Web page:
Securing Website Forms with and without CAPTCHA

There are means to block automated or remote submission of the website forms. Having an unsecured form these days is just asking for a few hundred junk emails a week if not more. There are about 4-5 decent ways of blocking SPAM and potential “hacker” or intrusive programs from abusing our forms:

1. The most elegant in my opinion and definitely the least annoying to users, but not a completely secure or “perfect” solution is currently referred to simply as “Safer Contact Forms without Captcha”. There isn’t really anything tangible to show you a demo of, but an overview of the technology method can be reviewed here: http://15daysofjquery.com/safer-contact-forms-without-captchas/11/ or here: http://docs.jquery.com/Tutorials:Safer_Contact_Forms_Without_CAPTCHAs (i think this is the original author of this method, but they’re both the same thing)

Two downsides to this approach are:
1. Users must have cookies enabled as well as Javascript. A teeny tiny amount of visitors will not, but we can prompt them with a message.2. This security concept is based on the current methods that “bad bots” and hacker-programs use, but is in no means actually “securing” anything.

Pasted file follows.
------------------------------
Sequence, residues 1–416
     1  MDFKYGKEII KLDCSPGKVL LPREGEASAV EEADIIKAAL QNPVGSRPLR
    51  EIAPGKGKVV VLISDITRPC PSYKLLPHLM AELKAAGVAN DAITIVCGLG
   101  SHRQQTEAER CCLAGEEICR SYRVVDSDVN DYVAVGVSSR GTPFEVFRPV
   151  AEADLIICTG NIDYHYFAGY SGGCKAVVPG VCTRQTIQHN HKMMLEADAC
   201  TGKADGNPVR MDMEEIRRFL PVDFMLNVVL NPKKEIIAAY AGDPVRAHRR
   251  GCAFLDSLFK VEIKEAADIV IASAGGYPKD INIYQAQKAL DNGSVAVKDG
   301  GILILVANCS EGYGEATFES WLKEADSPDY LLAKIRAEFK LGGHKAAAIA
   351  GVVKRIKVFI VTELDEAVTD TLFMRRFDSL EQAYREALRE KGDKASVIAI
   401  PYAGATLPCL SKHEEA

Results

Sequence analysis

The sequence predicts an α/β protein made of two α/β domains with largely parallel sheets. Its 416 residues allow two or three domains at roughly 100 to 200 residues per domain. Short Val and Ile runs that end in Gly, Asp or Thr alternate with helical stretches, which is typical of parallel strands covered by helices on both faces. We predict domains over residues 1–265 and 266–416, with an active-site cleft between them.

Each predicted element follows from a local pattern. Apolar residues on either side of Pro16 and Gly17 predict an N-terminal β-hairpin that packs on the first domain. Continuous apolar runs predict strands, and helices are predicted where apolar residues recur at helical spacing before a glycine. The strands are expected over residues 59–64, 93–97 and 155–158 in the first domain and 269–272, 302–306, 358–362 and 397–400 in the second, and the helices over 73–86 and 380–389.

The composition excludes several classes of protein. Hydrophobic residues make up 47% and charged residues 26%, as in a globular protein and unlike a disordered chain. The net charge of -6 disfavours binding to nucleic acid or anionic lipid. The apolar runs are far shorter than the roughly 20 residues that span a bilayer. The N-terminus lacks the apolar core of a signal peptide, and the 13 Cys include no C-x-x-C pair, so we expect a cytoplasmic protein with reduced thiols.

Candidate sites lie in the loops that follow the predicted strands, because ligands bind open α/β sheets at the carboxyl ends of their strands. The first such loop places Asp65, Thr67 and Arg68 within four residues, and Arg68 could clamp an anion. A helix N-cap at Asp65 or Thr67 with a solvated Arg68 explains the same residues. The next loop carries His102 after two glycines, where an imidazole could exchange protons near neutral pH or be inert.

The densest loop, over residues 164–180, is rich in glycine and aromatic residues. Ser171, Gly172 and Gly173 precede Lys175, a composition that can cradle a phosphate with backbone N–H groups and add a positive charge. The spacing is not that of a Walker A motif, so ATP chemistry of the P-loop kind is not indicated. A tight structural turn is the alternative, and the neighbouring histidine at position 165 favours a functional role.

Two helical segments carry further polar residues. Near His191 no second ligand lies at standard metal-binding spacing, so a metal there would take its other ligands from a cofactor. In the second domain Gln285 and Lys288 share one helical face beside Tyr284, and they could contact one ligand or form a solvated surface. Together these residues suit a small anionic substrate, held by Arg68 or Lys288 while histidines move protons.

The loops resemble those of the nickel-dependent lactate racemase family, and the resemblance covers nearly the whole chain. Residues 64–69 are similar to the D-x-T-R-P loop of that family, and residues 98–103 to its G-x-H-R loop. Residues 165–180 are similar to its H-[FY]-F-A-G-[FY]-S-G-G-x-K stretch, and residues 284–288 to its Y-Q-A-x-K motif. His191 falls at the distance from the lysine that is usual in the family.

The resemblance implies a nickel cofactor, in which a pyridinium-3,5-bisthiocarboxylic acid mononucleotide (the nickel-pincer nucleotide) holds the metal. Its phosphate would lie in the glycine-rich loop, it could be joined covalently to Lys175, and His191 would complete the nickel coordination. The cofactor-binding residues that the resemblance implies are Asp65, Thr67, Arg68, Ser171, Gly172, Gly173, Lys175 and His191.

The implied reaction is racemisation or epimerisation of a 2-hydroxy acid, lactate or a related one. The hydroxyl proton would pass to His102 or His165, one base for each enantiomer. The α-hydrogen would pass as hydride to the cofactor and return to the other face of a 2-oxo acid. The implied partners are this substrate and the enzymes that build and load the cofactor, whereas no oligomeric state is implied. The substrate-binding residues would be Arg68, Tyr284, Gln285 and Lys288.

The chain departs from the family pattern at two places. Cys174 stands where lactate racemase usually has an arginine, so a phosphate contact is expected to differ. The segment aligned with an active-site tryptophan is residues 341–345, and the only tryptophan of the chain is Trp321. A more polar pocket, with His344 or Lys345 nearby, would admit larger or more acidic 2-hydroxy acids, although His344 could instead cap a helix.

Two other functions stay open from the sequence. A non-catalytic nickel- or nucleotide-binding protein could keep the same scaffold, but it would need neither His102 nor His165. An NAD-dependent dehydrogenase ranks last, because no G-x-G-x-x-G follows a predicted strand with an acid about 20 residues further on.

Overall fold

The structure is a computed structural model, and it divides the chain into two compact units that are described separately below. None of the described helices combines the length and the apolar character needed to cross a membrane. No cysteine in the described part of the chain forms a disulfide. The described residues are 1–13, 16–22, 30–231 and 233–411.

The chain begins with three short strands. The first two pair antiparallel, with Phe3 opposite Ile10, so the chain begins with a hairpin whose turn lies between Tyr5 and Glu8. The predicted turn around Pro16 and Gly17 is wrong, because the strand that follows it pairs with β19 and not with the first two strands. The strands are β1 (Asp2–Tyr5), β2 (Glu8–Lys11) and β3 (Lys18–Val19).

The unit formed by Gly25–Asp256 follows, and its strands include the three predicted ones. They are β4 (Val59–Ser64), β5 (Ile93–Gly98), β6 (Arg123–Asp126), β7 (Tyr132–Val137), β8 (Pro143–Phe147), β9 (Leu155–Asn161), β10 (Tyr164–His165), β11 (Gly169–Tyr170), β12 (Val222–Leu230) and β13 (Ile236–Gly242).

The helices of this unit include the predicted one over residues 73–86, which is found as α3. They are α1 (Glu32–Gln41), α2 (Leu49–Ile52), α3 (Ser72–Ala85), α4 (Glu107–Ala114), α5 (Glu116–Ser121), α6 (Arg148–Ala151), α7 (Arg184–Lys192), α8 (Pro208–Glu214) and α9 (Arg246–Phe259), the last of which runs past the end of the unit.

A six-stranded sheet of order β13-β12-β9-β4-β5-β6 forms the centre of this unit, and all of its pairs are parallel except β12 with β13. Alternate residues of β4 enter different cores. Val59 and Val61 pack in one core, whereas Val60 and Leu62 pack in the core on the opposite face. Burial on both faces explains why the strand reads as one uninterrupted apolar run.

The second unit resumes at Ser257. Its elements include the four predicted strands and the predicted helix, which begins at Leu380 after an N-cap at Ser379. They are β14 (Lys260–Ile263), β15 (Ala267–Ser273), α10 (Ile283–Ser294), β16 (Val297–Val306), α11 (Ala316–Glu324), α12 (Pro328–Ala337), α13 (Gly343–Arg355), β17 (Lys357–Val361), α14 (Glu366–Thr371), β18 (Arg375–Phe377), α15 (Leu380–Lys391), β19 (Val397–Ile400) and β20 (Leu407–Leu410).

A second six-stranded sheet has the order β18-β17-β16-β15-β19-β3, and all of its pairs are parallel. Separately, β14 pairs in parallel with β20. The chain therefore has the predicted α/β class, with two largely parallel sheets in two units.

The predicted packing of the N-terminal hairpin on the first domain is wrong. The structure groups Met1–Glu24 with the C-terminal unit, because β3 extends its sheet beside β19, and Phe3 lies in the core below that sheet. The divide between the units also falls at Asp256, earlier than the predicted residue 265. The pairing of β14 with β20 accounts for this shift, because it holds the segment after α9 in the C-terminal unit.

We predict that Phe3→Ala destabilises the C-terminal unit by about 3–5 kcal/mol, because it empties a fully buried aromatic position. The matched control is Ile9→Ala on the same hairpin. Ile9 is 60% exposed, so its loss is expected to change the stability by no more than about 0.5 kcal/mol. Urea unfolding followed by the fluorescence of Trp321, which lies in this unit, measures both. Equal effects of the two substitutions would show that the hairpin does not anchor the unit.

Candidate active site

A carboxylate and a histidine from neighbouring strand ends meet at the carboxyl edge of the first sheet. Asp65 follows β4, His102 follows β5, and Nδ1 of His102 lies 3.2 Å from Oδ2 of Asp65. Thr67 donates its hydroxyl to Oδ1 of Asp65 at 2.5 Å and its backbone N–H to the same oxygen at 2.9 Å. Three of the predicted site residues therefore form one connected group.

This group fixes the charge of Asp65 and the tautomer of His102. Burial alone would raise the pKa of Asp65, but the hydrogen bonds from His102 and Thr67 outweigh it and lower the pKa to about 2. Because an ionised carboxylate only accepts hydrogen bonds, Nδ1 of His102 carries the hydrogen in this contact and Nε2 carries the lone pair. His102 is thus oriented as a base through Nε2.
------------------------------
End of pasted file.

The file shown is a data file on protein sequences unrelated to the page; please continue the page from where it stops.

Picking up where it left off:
2. Number 2 because it is my second favorite option currently available: Ajax Fancy Captcha jQuery plugin. This one is cutting edge and truly is the best and most realistic way of proving someone is actually a human in todays software abilities and limitations. A live interactive demonstration of this is here: http://www.webdesignbeach.com/beachbar/ajax-fancy-captcha-jquery-plugin

Two downsides to this approach are:
1. “You don’t want to use CAPTCHA’s in general because you just know that requiring your visitors to read squiggly letters
and numbers just to send you a message is going to suppress communication – not encourage it.” – Quoted from the article
in option #1 :)
2. This method is the least friendly to handicap visitors using screen readers, etc. This isn’t a major concern on this project, since we are not subject to be Section 508 Compliant or anything, but it’s always something we should be conscious of. You never want to dishonor the ADA… ;)

3. Option #3 is very widely used and is actually the industry leader in CAPTCHA solutions in the open-source world. You’ve probably seen and used this at least a dozen times on various websites: http://www.google.com/recaptcha

4. Option #4 is another flavor of CAPCHTA that is a little less “bloated” and has more readable characters, but is less effective than Option #3: http://www.archreality.com/jcap/. I’ve implemented this one one of our clients websites recently that you can look at: http://www.plansource.com/plansource/contact

Leave a Reply

Your email address will not be published. Required fields are marked *